Rockets Thunder Basketball

Oklahoma City Thunder guard Chris Paul, left, and center Nerlens Noel, right, celebrate after defeating the Houston Rockets in Game 4 of an NBA basketball first-round playoff series, Monday, Aug. 24, 2020, in Lake Buena Vista, Fla.

NORMAN — Houston came out of the half shooting the lights out. Just absolutely shooting them out.

The Rockets canned eight straight 3-point attempts just as the Thunder found themselves mired in an 0 for 12 distance run of their own.

Though it led to a 15-point deficit Oklahoma City would have to fight back from, something the Thunder didn’t do during that stretch had everything to do with their ability to come back, post a 117-114 Game 4 victory and even the Western Conference quarterfinal series 2-2 with Game 5 tipping off at 5:30 p.m. Wednesday back inside the Disney bubble.

The Thunder didn’t quit playing defense. The Rockets were just scorching hot. They just weren’t missing. But they were expending full effort as they kept not missing.

That had lots to do with the 21-7 run Oklahoma City went on to close the third quarter, and it sure appeared to have everything to do with how Houston fared from distance in the fourth quarter, when it canned just 4 of 19.

The Rockets were tired.

So were the Thunder.

Yet, not as tired.

Also, not being a team that lives and dies from the 3-point arc, the Thunder had more arrows in their quiver as time wound down.

The Thunder led 103-102 just as the game entered “clutch” territory, the final five minutes.

As occurred two days earlier, the Thunder turned in some empty possessions. Also, as occurred two days earlier, the Rockets couldn’t take advantage, their possessions and attempts appearing strained and forced.

On Saturday, Shai Gilgeous-Alexander hit a huge 3 that might have won it in regulation, but ended up getting the Thunder into overtime. On Monday, Gilgeous-Alexander missed from the left corner in the final minute. 

Yet, in a blink, Danilo Gallinari stole a poor and tired pass from James Harden and 18 seconds after that, with just 36 seconds remaining, Dennis Schroder took former Thunder forward Jeff Green to the basket, hitting one of those impossible way-high-off-the-backboard layups that only he and a few others guys in the league can hit.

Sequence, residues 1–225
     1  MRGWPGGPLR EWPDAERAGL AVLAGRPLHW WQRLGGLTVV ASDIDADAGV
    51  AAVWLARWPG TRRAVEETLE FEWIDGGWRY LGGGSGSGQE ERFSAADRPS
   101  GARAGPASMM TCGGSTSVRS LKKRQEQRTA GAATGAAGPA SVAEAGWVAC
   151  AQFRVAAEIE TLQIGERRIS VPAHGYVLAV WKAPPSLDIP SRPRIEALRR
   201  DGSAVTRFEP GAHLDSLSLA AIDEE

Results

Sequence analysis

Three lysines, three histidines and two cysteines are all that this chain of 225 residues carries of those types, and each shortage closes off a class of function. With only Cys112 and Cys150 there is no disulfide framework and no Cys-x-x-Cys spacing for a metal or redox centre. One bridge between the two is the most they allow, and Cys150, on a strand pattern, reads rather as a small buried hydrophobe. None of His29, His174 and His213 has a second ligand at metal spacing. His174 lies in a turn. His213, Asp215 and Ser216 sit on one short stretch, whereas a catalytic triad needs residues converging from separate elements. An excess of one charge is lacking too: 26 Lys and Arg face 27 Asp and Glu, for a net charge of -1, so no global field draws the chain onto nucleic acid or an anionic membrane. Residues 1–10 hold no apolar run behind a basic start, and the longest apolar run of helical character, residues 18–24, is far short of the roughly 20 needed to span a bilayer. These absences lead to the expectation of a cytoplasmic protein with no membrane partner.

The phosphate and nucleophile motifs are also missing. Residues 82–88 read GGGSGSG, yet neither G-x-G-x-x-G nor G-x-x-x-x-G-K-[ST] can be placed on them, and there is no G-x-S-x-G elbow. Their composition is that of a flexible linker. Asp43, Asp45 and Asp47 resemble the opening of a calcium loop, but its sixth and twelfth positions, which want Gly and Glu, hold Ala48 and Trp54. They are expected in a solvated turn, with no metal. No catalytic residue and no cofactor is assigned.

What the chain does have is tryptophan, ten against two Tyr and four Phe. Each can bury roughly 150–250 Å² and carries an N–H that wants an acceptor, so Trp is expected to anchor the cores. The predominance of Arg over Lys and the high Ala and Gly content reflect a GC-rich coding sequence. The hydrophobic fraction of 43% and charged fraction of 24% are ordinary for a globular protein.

That put OKC up 111-108, and from there all the Thunder needed was one more tired and off-target 3-point attempt from Houston and to hit its free throws.

P.J. Tucker obliged from the left corner, missing short and wide and Chris Paul and Schroder went 6 for 6 from the foul line over the last 20 seconds.

The Rockets tried to win the way they like to win, from 3-point land, taking an NBA playoff record 58 attempts and making a healthy 23, yet just 4 of 19 in the fourth quarter.

It was the Thunder who prevailed in another tight game, another game they trailed entering the fourth quarter, playing defense, getting to the charity stripe and making free throws — 22 of 28 to Houston’s 9 of 10 — winning by any means necessary.

Schroder led OKC with 30 points, making 10 of 16 shots and 4 of 7 3-pointers. 

Paul added 26, including 18 in the second half. 

Gilgeous-Alexander filled the boxscore with 18 points, 12 rebounds and six assists over a game-high 43:54 of court time.

Harden led all scorers with 32 points, making 11 of 25 shots and 6 of 15 from 3-point range. Eric Gordon made 8 of 15 and 3 of 8 from distance to finish with 23.

“They came out wham, wham, wham,” Paul said of the Rockets’ third quarter 3-point barrage.

However, he added, “I think our team, all season, has handled adversity well.”

So it did again.

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